Could sport be the ideal vehicle for impact investing?

Could sport be the ideal vehicle for impact investing?

The Equity League, Oklahoma City Thunder Launchpad and CoSpo are attempting to drive positive impact and economic returns by encouraging sports entities to back social entrepreneurs

In the days after Jacob Blake, a 29-year-old African American man, was shot seven times in the back by a white police officer in Kenosha, Wisconsin, Mark Murphy, the president and chief executive of the Green Bay Packers, called on all NFL teams to throw their collective weight behind the growing movement against social injustice in the US.

Although Blake didn’t suffer the same fate as George Floyd and Breonna Taylor (who both died at the hands of police officers in the preceding months), the incident partially paralysed him, changing his life forever.

And while police brutality has brought social and racial injustice in America to the centre of the world’s consciousness over the past year, the landscape of widespread inequality in the nation can be demonstrated by a whole host of metrics beyond extreme violence.

For instance, did you know that of the start-ups receiving Venture Capital funding in the US, only 1% have Black founders? And that only 3% of professionals employed within Venture Capital investment funds are Black or LatinX, despite making up almost 40% of the population?

Murphy recognised that non-white founders and entrepreneurs were not benefitting from the same opportunities as their white counterparts, and decided that one of his responses to the unfolding injustice was to make that gap smaller.

So he decided to bring together Wisconsin’s most popular sports franchises – the Green Bay Packers, the Milwaukee Bucks, and the Milwaukee Brewers – alongside Microsoft and early-stage start-up fund and venture studio TitletownTech (which itself is a joint venture between the Green Bay Packers and Microsoft) to create the Equity League – a “connected capital network” designed to invest in founders of colour overseeing start-ups that tackle social and environmental problems.

“This was the first time from a corporate standpoint that these entities have come together for a common cause,” Cordero Barkley, TitletownTech’s director of finance and investments, tells The Sustainability Report. “It was important for them to show that cohesion – that ability to convene on something that’s bigger than sports – and give entrepreneurs of colour solving social justice issues the chance to be able to get in front of those resources.”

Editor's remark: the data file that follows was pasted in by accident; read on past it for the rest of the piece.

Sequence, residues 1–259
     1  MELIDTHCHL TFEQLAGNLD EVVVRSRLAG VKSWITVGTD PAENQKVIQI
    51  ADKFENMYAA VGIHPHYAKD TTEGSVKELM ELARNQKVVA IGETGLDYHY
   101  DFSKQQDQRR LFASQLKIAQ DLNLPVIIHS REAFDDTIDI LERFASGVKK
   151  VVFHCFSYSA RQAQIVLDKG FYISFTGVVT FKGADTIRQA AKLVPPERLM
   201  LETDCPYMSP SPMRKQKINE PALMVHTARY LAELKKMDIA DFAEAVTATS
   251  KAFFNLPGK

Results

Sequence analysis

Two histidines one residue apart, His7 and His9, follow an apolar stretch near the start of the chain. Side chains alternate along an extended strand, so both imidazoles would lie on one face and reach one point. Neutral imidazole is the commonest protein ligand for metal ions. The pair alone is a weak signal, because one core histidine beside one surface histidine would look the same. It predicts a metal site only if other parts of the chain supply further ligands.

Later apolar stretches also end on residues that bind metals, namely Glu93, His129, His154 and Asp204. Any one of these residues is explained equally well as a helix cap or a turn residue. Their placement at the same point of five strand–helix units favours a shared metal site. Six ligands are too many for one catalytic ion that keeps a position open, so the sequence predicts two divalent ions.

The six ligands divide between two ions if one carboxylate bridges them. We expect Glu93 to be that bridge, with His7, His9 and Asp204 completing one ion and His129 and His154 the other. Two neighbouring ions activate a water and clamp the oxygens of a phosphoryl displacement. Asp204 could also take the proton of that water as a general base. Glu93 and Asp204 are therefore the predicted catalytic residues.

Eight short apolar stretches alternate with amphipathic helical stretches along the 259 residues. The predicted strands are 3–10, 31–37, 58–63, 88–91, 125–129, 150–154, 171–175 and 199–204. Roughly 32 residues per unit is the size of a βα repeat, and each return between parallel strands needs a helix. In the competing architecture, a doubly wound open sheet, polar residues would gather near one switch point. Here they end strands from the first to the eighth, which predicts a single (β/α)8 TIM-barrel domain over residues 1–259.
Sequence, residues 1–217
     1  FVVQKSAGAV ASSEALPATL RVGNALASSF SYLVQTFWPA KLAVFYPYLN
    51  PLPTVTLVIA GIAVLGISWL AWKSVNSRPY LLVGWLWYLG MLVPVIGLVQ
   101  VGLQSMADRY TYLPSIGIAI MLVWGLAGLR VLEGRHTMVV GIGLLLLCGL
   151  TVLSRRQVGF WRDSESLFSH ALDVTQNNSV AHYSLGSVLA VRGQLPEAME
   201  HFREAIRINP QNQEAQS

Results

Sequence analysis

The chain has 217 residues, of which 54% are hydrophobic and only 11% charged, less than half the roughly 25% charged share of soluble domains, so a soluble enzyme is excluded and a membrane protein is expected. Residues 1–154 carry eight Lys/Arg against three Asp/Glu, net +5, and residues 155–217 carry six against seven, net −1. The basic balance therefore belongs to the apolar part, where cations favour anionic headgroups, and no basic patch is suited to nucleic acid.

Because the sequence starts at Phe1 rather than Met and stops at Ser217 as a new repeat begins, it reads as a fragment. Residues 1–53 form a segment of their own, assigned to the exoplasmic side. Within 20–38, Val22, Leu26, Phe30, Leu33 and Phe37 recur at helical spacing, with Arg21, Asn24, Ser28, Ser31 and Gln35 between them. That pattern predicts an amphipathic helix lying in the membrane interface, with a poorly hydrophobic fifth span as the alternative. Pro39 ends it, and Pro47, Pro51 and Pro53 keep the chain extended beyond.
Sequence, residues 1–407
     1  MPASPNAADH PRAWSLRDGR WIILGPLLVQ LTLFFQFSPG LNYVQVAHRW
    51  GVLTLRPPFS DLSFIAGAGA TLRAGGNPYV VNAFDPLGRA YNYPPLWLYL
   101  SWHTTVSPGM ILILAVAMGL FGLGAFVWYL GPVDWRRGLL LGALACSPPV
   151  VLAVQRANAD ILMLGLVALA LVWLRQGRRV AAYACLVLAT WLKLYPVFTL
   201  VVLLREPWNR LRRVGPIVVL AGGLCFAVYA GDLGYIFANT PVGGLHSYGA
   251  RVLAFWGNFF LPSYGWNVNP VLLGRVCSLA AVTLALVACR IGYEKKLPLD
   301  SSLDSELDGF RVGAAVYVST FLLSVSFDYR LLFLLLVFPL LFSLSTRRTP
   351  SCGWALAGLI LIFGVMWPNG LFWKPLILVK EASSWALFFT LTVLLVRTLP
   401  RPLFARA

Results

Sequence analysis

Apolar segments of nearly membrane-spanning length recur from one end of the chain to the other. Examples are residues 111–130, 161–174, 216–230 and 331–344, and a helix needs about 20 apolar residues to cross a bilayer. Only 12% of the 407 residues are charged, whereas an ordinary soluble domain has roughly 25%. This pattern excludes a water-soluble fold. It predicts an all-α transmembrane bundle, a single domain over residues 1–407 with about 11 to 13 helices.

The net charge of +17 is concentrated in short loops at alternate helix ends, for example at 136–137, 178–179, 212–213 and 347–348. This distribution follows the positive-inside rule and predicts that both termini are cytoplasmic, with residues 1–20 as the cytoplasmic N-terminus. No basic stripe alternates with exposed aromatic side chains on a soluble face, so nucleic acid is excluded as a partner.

The Equity League was established in December 2020, with the first set of investments and proof of concept grants expected to be made before the end of Q1 2021. Although each of the entities in the network can make their own investment decisions, The Equity League has identified certain areas where it sees investment making an impact.

These areas include: education, healthy food access, sustainability, affordable housing, digital inclusion, and criminal justice reform.

But Barkley is quick to stress that this is not a “philanthropic endeavour” on the part of the teams.

“The Equity League will look at the founder and if the group believes they have the ability to scale the business. Are they doing something meaningful that’s going to create change and change behaviour? It’s looking for disruptive technology,” he adds. “Importantly, is there an opportunity for them to come in and obtain a respectable piece of the market? At the end of the day, The Equity League will be judged on its returns as well as impact.”

The impact investing space is an exciting place to be; according to the Global Impact Investing Network (GIIN), the size of the impact investing funds market is $715bn compared with $114bn in 2017, revealing to some extent that solving the world’s social and environmental problems is becoming a lucrative endeavour. 

In its 2020 survey, GIIN found that while the main motivation for investing in impact-focused start-ups was ‘mission-’ or ‘purpose- oriented’, a large percentage (70%) agreed that impact investments are “financially attractive relative to other investment opportunities”. 

Although the prime motivation of the Packers, Bucks and Brewers may be geared more towards the former, Barkley is confident that the franchises see this as an opportunity to diversify their revenue streams.

Every investment is explored through the lens of a “double bottom line analysis” of impact and return, he explains.

“Some of the businesses may not grow into $150m companies, but they could be $30 or $40m companies. If The Equity League can be early investors, there are ways to help them grow faster and potentially create an economic return.